Peter began to speak to Cornelius and his household: “I truly understand that God shows no partiality, but in every nation anyone who fears him and does what is right is acceptable to him. You know the message he sent to the people of Israel, preaching peace by Jesus Christ—he is Lord of all. That message spread throughout Judea, beginning in Galilee after the baptism that John announced: how God anointed Jesus of Nazareth with the Holy Spirit and with power; how he went about doing good and healing all who wereoppressed by the devil, for God was with him. We are witnesses to all that he did both in Judea and in Jerusalem. They put him to death by hanging him on a tree; but God raised him on the third day and allowed him to appear, not to all the people but to us who were chosen by God as witnesses, and who ate and drank with him after he rose from the dead. He commanded us to preach to the people and to testify that he is the one ordained by God as judge of the living and the dead. All the prophets testify about him that everyone who believes in him receives forgiveness of sins through his name.”
THE HOLY GOSPEL ACCORDING TO MATTHEW THE THIRD CHAPTER
Then Jesus came from Galilee to John at the Jordan, to be baptized by him. John would have prevented him, saying, “I need to be baptized by you, and do you come to me?” But Jesus answered him, “Let it be so now; for it is proper for us in this way to fulfill all righteousness.” Then he consented. And when Jesus had been baptized, just as he came up from the water, suddenly the heavens were opened to him and he saw the Spirit of God descending like a dove and alighting on him. And a voice from heaven said, “This is my Son, the Beloved, with whom I am well pleased.”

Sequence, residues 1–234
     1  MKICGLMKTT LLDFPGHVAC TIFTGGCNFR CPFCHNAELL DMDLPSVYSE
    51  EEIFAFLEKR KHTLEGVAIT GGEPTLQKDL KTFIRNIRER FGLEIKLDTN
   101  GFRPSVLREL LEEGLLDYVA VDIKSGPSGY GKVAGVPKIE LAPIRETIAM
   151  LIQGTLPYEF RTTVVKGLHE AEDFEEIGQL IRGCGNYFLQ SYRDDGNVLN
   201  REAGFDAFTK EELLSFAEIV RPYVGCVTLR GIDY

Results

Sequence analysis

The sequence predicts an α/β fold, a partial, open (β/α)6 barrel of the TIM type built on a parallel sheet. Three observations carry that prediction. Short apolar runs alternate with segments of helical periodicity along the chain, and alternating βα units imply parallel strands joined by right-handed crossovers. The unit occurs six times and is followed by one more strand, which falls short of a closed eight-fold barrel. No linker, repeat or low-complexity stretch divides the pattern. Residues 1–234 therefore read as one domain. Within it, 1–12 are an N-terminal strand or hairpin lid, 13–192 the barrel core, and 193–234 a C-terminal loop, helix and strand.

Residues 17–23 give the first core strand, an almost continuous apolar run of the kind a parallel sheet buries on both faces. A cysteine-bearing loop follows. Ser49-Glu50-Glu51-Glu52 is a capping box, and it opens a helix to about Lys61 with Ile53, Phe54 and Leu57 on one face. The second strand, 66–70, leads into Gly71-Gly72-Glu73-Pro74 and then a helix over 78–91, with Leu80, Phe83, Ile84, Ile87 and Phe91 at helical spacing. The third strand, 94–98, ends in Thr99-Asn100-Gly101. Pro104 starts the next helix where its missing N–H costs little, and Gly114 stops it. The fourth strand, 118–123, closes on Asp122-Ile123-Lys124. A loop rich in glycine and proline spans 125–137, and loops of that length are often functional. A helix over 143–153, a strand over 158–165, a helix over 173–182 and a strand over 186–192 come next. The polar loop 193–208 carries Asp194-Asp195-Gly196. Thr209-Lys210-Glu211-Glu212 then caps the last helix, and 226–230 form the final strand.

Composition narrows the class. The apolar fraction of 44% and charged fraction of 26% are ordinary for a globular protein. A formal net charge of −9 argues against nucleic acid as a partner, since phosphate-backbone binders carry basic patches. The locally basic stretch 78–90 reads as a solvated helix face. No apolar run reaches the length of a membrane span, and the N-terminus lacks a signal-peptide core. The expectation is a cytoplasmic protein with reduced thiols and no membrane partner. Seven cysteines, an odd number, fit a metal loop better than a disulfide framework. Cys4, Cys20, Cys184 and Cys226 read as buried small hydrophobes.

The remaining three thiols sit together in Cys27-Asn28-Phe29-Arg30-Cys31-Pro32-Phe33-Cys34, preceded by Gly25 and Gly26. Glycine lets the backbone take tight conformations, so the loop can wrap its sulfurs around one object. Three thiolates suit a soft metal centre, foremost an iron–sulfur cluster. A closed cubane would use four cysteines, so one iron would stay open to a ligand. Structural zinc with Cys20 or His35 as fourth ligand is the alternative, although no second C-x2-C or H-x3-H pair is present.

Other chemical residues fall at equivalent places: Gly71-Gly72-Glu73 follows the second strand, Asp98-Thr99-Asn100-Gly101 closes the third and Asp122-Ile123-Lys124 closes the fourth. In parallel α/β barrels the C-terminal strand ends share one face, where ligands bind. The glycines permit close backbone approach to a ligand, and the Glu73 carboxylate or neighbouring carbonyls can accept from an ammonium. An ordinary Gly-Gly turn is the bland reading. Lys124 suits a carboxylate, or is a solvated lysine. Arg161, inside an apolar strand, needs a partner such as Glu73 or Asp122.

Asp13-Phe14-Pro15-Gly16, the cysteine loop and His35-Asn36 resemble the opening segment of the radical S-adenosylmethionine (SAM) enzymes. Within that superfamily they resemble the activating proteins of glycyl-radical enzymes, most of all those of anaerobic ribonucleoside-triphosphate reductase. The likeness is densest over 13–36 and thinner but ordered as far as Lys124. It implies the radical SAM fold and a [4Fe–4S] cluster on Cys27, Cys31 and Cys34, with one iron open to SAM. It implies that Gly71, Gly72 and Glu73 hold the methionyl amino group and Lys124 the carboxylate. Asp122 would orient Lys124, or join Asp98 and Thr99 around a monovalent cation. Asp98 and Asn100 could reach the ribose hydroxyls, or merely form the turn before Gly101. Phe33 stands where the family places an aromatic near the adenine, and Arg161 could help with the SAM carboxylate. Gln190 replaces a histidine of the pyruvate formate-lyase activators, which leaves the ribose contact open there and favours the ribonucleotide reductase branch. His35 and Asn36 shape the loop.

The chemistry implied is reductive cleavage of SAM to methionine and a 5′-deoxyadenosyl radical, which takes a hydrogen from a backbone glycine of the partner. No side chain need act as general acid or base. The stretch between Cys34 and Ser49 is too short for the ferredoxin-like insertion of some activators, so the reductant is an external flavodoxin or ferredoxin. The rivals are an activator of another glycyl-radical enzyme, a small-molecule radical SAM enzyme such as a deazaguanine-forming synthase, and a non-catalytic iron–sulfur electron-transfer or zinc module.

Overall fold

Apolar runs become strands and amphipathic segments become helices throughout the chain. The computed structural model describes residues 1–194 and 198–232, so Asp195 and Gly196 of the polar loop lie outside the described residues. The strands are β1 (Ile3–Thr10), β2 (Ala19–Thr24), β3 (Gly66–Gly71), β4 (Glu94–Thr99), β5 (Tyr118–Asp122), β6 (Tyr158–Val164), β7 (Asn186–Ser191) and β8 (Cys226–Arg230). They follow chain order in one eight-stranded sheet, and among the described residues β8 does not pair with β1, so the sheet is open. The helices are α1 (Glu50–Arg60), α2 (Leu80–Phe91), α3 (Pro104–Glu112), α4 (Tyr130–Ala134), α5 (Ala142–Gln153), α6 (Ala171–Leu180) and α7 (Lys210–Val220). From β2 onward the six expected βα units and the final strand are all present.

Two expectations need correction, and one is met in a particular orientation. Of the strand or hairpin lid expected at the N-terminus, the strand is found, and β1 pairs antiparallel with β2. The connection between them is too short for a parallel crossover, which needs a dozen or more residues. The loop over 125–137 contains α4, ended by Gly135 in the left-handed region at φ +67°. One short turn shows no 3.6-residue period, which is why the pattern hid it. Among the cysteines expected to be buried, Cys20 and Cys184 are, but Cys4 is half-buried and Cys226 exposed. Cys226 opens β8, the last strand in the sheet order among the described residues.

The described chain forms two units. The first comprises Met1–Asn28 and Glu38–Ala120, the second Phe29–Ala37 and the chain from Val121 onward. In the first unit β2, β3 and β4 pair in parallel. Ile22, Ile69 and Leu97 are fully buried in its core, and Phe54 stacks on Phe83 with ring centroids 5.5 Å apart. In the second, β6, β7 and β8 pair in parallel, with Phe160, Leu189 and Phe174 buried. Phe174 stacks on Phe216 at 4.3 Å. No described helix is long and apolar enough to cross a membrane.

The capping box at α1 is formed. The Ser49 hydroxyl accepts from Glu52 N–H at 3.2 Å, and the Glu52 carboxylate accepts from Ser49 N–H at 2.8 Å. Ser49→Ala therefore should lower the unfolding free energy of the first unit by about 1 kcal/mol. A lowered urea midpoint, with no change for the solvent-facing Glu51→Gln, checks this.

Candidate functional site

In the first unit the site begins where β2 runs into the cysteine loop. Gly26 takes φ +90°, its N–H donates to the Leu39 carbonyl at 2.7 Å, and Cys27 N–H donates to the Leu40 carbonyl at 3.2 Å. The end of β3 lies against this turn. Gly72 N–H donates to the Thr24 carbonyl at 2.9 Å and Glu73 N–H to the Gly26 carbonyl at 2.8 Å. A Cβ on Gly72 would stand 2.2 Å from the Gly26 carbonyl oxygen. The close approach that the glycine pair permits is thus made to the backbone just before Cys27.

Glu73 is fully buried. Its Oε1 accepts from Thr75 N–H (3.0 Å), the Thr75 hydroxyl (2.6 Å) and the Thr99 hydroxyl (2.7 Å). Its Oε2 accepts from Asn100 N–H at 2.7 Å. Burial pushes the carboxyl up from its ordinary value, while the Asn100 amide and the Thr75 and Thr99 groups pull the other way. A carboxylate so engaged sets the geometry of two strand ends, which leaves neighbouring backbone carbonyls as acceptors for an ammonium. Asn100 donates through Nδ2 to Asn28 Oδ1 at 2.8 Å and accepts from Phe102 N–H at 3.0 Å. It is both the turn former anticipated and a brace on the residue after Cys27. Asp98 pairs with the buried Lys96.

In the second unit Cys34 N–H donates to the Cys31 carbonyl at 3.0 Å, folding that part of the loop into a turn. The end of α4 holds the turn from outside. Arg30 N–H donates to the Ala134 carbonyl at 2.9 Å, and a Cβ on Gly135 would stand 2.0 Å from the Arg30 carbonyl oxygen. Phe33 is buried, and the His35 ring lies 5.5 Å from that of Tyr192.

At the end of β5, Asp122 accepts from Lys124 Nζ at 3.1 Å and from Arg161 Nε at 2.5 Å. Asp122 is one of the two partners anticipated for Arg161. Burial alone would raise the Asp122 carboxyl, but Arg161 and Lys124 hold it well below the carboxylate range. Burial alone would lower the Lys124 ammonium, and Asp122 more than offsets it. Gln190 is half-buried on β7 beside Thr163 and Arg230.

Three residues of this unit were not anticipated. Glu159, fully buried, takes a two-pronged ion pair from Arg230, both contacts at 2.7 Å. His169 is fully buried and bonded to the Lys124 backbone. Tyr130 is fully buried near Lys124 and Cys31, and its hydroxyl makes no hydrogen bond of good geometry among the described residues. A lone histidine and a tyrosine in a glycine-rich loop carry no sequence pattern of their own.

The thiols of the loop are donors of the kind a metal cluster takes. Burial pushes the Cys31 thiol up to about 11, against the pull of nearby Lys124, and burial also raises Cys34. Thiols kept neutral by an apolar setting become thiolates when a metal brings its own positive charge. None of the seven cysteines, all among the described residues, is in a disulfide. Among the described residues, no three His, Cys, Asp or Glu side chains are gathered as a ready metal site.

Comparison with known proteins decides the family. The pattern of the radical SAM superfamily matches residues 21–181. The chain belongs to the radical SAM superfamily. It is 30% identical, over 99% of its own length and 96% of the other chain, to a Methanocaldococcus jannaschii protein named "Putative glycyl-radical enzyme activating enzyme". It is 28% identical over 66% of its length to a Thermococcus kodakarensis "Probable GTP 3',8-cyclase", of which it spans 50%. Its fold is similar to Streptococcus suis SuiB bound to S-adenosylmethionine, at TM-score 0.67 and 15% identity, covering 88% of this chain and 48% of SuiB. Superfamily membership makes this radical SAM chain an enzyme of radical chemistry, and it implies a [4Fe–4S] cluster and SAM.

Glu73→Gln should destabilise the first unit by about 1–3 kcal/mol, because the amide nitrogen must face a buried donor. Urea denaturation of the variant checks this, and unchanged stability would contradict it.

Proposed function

This is one of those passages that seems so out of sync with time and orderly progression, especially after all the stories of Jesus’ birth and the events that naturally followed. In addition, to confuse us even more, this event happens before the passage in Advent we so recently heard, about John’s death. But if we can suspend our need to keep things chronological, we can begin to appreciate why it is placed where it is in Matthew’s
Gospel we are reading this year.
Certainly, we can agree that Jesus had no need of repentance for sin, which is why John hesitates, but, Baptism in his time was multi-functional. Not only for turning away from sin and beginning one’s previous life again, but for an entirely new beginning, a complete change, what the Greeks call: metanoia. Jesus, who previously had lived a quiet, serene life at home in Nazareth, has been moved by the Spirit to begin his life anew, and in the spirit of metanoia, to set aside that simple life, his comfort zone, and embrace his divine destiny, to become Messiah, the Savior of the world. It is a pivotal moment in his life, in John’s and in ours!
It challenges us to periodically assess our life; with gratefulness for all it has been up to that point, and to prayerfully discern what’s next. It may be as simple as planning more healthy habits, or determining that we will “stop and smell the roses”; or it may be an acknowledgement that our core identity is awaiting redefinition, revitalization, and even reinvention. God will call and challenge us throughout our lives, as an intrinsic part of creating us in God’s own image, and even as Jesus embraced his destiny, so must we. Amen